Early-career researcher Jessica Plavicki is advancing understanding of how environmental contaminants interfere with heart and brain development — the formidable task of establishing her new lab should prove fruitful for decades to come.
In a finding that could shed light on tissue formation, wound healing and cancer spread, a new study shows that human cells follow the same rules as non-living particles to form fractal-like branching structures.
With a new five-year grant from the National Institutes of Health, the Center for Addiction and Disease Risk Exacerbation will launch four research projects and establish a clinical laboratory for biological addiction research at Brown University.
The new collaboration between Brown University and the Rhode Island Department of Corrections will expand an already successful opioid treatment program in correctional institutions, helping people who are in the justice system but outside prison walls.
Study found that hospitals with more black patients saw smaller increases in compliance with new sepsis protocols than those that treat mainly white patients, highlighting a need to evaluate the effects of quality improvement projects for minority groups.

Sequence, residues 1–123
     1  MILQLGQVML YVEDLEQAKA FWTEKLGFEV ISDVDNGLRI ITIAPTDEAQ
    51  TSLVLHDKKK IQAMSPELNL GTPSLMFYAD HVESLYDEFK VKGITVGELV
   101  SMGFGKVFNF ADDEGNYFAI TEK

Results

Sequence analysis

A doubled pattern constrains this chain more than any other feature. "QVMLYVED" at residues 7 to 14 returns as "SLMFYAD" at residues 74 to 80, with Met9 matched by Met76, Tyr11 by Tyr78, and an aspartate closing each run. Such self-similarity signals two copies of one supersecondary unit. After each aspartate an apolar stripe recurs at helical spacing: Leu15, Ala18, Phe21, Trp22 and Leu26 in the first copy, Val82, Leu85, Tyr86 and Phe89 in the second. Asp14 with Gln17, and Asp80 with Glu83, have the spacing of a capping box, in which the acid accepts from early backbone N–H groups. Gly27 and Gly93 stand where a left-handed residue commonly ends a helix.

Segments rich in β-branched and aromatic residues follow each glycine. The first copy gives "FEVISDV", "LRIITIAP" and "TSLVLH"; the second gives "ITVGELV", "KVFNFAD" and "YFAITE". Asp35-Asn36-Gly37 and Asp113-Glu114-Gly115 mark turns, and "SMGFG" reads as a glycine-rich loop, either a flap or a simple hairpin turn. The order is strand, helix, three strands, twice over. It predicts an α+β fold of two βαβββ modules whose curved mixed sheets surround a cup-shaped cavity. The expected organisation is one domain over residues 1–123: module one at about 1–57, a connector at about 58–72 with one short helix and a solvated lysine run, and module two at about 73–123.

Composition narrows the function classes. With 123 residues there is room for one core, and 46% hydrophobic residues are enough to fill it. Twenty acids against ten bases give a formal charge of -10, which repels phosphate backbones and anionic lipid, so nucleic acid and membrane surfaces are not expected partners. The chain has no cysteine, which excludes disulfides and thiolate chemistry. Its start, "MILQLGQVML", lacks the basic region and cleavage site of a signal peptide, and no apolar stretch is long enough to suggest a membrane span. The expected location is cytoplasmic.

At the first Dr. Samuel M. Nabrit Conference, molecular life scientists from historically underrepresented groups gathered at Brown to learn about cutting-edge research; Brown professors and junior researchers discussed how their identities as members of underrepresented groups have affected their career paths.
There are no legal safe consumption spaces in the U.S. currently, but a three-city study found that a majority of people who use opioids would be willing to use locations where they would have medical support in case of overdose.
As alumni returned to campus and thousands of new graduates prepared to receive their degrees and begin the next chapter of their lives, the Brown community dedicated a student-designed sundial sculpture named ‘Infinite Possibility.’
In a finding that is soon to be ground-truthed by NASA’s next Mars rover, Brown University researchers show that a Martian mineral deposit was likely formed by ashfall from ancient volcanic explosions.